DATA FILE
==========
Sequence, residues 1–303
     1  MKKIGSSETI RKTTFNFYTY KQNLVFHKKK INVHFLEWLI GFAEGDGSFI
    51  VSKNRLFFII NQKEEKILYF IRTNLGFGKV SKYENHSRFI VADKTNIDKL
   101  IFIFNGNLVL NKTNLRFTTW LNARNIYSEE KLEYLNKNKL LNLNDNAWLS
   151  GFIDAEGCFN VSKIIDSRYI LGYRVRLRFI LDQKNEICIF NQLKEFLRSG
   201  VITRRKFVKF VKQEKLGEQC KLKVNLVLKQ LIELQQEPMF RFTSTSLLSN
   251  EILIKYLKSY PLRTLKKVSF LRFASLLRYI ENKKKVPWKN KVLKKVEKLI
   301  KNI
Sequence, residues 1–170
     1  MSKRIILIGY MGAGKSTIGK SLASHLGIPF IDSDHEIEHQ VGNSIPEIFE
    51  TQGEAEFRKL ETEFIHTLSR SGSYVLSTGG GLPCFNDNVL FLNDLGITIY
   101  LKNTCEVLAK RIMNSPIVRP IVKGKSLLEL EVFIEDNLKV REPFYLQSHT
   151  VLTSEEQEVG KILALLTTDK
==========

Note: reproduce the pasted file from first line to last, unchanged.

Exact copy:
Sequence, residues 1–303
     1  MKKIGSSETI RKTTFNFYTY KQNLVFHKKK INVHFLEWLI GFAEGDGSFI
    51  VSKNRLFFII NQKEEKILYF IRTNLGFGKV SKYENHSRFI VADKTNIDKL
   101  IFIFNGNLVL NKTNLRFTTW LNARNIYSEE KLEYLNKNKL LNLNDNAWLS
   151  GFIDAEGCFN VSKIIDSRYI LGYRVRLRFI LDQKNEICIF NQLKEFLRSG
   201  VITRRKFVKF VKQEKLGEQC KLKVNLVLKQ LIELQQEPMF RFTSTSLLSN
   251  EILIKYLKSY PLRTLKKVSF LRFASLLRYI ENKKKVPWKN KVLKKVEKLI
   301  KNI
Sequence, residues 1–170
     1  MSKRIILIGY MGAGKSTIGK SLASHLGIPF IDSDHEIEHQ VGNSIPEIFE
    51  TQGEAEFRKL ETEFIHTLSR SGSYVLSTGG GLPCFNDNVL FLNDLGITIY
   101  LKNTCEVLAK RIMNSPIVRP IVKGKSLLEL EVFIEDNLKV REPFYLQSHT
   151  VLTSEEQEVG KILALLTTDK